An unlikely alliance has been forged, with Victorian and NSW Education Ministers from opposite sides of politics banding together to fight Turnbull government changes to school funding.
In a sign of the simmering tensions between the states and federal government on school funding, Victorian Labor Education Minister James Merlino and his NSW Coalition counterpart Adrian Piccoli held a joint press conference in Melbourne on Friday to warn the Turnbull government against abandoning the final two years of the Gonski school funding deal.
They said the decision would hurt two million students across the two biggest Australian states.
"We are putting party politics aside and we are putting our two million students in NSW and Victoria first," Mr Merlino said.
"We know needs-based funding makes a difference."
The Victorian government estimates its students will lose almost $1 billion a year under the federal government's plans and NSW predicts a funding cut of $400 million
"This is not an argument over politics, it is an argument over policy and an argument over what is in the best interests of children," Mr Piccoli said.
It comes as state and territory education ministers prepare to meet again next month to thrash out a new four-year school funding model to replace the former Labor government's Gonski agreements.
While the NSW government has committed to funding the entire six-year Gonski agreement, Victoria has refused to say whether it will commit to the final two years.
But Mr Piccoli said "he knew" the Victorian government would fund the full agreement, although Mr Merlino remained tight-lipped on his plans.
"In NSW we have put our money towards our six years of Gonski and I know Victoria will do the same," he said.
Mr Piccoli's visit to Melbourne came a day after he sparked an uproar in NSW parliament by miming the shooting of Labor MPs. Earlier in the week he stood down as deputy leader of the NSW Nationals in the wake of poor by-election results in the previously safe Nationals seat of Orange.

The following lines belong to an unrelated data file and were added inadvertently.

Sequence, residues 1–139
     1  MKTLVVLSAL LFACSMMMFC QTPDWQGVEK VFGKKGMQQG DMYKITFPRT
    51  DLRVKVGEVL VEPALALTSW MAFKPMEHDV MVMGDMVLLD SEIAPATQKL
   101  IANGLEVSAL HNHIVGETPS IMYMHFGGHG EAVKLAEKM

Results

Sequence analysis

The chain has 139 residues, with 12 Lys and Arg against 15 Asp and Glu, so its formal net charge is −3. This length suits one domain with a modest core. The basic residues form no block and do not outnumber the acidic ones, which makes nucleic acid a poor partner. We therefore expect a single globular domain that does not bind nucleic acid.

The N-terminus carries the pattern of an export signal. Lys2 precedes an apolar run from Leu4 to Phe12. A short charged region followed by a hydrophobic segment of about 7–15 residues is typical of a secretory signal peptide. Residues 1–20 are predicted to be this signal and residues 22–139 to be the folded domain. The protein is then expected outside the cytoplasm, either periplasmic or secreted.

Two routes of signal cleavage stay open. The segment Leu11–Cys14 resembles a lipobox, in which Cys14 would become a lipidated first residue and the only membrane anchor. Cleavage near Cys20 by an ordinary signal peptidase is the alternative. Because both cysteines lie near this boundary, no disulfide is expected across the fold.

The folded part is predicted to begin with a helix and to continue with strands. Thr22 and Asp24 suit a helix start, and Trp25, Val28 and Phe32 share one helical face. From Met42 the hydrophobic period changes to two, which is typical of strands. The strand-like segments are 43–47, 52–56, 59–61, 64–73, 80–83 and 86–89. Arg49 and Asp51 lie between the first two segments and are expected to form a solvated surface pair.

He defended his actions in parliament and said he was making a point about Labor's preference deal with the Shooters, Fishers and Farmers. "That's the sounds you would have heard at Point Arthur," he said.
Federal Education Minister Simon Birmingham said the meeting was "nothing more than a distraction by two ministers who are under fire.
He said there would be no cuts to education funding, and the Turnbull government was committed to fixing inequities and inconsistencies in funding.
"The Turnbull government will be working to ensure that funding is distributed fairly and according to need so that schools currently delivering valuable programs can continue to do so," he said.
The Victorian and NSW ministers were taken on a tour of Footscray North Primary School and shown how it had used $200,000 of needs-based funding to lift its performance, including in the NAPLAN.
Principal Davide Lombardi said this money had been used on intervention programs and to employ a leading teacher who coached other teachers.
"This funding is making a huge difference, and our school is proof of that," he said.
The meeting was welcomed by the Australian Education Union, who have also been calling on the federal government to fund the full Gonski agreement.
"It is a great sign for our students that the education ministers from the two biggest states have come together and made a bi-partisan stand that these cuts are not acceptable," the union's federal president Correna Haythorpe said.